A decade ago the Ivoirian government, with the help of the United Nations, started programmes to build peace after nine years of war. The success rate of these post-conflict programmes has been mixed. Some countries, like Angola and Spain, have avoided a thorough engagement with past human rights abuses and war-era crimes. They also managed to maintain peace long after the conflict ended. South Africa claims its truth and reconciliation commission and transitional justice programmes helped prevent a recurrence of conflict. Demobilising programmes have often been viewed with scepticism for failing to reintegrate combatants into society – the Democratic Republic of Congo, Iraq and Liberia are examples. Cote d’Ivoire implemented both the disarmament, demobilisation and reintegration and the transitional justice types of programmes. Past research indicated that these types might be more effective if they worked more closely together rather than always being isolated. But Cote d’Ivoire opted to keep them apart.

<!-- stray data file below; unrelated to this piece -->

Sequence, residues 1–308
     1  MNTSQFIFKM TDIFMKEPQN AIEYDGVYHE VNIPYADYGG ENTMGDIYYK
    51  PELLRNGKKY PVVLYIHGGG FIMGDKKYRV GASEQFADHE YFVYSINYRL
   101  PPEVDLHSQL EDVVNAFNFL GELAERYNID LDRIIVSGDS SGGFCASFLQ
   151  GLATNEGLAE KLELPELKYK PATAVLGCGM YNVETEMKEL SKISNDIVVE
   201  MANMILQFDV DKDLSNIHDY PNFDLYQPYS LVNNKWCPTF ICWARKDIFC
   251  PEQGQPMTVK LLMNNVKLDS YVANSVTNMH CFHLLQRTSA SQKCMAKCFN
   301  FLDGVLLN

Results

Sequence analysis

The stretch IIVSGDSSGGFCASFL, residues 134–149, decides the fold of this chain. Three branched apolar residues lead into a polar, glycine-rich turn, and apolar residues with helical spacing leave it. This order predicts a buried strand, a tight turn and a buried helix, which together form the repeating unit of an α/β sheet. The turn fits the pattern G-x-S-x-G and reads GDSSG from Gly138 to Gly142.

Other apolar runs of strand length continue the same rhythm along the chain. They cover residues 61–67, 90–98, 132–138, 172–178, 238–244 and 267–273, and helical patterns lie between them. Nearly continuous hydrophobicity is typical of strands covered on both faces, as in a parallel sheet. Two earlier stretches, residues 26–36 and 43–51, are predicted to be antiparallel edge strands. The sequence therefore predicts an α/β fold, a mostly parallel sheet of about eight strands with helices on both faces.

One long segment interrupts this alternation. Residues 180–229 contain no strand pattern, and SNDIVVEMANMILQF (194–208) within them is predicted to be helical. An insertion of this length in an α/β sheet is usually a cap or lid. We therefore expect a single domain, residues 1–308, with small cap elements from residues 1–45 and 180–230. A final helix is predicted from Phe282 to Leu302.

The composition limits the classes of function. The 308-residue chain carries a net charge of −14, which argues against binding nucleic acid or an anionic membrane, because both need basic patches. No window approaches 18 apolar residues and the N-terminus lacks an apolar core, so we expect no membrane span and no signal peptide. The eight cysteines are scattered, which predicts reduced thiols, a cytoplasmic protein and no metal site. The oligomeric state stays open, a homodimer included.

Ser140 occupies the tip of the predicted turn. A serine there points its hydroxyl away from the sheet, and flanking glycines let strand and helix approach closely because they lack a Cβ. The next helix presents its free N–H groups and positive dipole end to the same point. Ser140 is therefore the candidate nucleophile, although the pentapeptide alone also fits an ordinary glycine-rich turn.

SOURCE: THE CONVERSATION